Trained Community assists in biodiversity

From 12 to 15 November, the Ecological Research Institute (IPÊ) held two training programs on the self-monitoring of fishing in the Médio Juruá Extractive Reserve and the Uacari Sustainable Development Reserve, both in the state of Amazonas. In addition to a refresher course for the monitors trained last year, the event trained 27 new community members on how to monitor biodiversity in Conservation Units.

Fishing self-monitoring involves the community in the collection of helpful data. “Community members fish in the Juruá River for seven consecutive days and take note of what species they catch, how much the fish weigh, what they keep for their own consumption, and what they sell. The goal is to get an idea of what is being fished and what community members are eating. Are they eating or selling everything they fish?" explains Marcela Albuquerque, one of the IPÊ consultants that helped organize the course.

The program also includes practical lessons helping participants absorb knowledge and engage in discussions regarding the importance of monitoring. In addition, the event also sets the dates when monitoring will take place in 2020, taking into account the different fishing seasons (flood, spate, ebb and dry), which vary due to local river characteristics. 

According to Fernanda Freda, the IPÊ Consultant who delivered the training, the communities welcomed the new knowledge: “Lots of new people have joined us. The monitors that had been previously trained told us that they appreciated the refresher, which they described as an opportunity to clarify what they had already learned. The new monitors, in turn, said that they expected self-monitoring to be very hard, but after the course, they found it much simpler.”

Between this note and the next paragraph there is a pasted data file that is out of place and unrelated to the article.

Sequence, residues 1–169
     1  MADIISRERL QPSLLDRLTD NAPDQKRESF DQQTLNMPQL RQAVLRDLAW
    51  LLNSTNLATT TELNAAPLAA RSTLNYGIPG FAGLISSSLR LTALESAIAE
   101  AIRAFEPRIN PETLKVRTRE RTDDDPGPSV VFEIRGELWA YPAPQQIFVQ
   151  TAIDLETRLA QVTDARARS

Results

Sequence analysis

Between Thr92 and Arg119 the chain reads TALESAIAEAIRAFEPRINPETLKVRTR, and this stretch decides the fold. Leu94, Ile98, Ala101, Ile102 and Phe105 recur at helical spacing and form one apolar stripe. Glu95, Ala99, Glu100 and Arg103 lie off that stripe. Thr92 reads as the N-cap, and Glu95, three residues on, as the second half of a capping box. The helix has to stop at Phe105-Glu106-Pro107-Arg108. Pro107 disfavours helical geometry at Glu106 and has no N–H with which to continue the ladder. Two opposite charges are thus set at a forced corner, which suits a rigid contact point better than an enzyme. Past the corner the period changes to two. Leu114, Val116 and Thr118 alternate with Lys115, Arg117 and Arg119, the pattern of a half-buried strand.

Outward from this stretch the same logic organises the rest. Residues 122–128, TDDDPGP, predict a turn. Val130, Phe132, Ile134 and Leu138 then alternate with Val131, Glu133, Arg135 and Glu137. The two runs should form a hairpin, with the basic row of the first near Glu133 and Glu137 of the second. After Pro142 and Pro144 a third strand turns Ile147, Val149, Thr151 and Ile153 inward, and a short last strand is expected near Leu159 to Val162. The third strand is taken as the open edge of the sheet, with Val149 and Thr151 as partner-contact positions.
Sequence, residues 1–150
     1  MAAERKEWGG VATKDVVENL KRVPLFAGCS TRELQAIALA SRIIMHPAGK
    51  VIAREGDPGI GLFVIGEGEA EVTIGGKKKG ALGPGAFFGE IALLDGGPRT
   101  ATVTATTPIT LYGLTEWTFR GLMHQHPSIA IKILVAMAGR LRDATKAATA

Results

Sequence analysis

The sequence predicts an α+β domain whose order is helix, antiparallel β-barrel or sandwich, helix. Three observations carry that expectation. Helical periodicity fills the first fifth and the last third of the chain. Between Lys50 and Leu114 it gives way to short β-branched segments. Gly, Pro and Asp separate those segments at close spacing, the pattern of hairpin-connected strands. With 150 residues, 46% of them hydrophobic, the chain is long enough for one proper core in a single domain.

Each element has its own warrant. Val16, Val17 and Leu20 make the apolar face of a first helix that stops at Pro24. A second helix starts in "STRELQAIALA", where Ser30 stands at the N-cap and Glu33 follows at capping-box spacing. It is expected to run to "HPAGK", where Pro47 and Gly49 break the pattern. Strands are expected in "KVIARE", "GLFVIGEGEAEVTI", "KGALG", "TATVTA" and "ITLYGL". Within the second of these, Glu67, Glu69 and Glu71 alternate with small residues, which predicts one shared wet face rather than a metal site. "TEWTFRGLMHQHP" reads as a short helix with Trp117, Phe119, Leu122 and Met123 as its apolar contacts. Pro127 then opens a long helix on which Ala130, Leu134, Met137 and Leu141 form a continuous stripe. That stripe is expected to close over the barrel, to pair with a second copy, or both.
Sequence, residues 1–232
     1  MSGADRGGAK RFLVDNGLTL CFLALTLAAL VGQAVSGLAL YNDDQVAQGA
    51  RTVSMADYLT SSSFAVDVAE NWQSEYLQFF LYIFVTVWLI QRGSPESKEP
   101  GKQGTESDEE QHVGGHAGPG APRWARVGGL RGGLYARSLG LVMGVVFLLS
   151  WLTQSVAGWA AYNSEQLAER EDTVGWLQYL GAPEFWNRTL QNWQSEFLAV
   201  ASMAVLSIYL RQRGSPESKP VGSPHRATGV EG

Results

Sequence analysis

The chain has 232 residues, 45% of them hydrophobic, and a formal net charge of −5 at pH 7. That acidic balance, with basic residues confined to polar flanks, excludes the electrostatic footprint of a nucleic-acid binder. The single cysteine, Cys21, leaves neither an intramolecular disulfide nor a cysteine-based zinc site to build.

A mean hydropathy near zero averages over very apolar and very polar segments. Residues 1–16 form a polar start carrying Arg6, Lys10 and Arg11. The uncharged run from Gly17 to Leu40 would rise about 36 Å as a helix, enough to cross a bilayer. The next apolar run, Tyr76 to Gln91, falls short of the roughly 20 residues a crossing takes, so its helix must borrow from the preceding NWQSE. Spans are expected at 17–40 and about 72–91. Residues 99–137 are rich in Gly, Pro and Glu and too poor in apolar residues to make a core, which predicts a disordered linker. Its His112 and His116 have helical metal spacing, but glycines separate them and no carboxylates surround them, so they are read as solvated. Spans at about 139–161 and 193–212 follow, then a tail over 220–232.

The methodology was developed from discussions with ichthyologists and fishery management experts. It was later tested and, based on specific community demands, adapted as a cheaper and more efficient way to monitor and evaluate the aquatic environment and local fish species.

The courses are part of the National Biodiversity Monitoring Program (MONITORA) – Continental Aquatic Subprogram, run by the Chico Mendes Institute for Biodiversity Conservation (ICMBio). It is coordinated by the National Center for Research and Conservation of Amazon Biodiversity (CEPAM) in partnership with IPÊ, and is supported by PCAB and the Gordon and Betty Moore Foundation.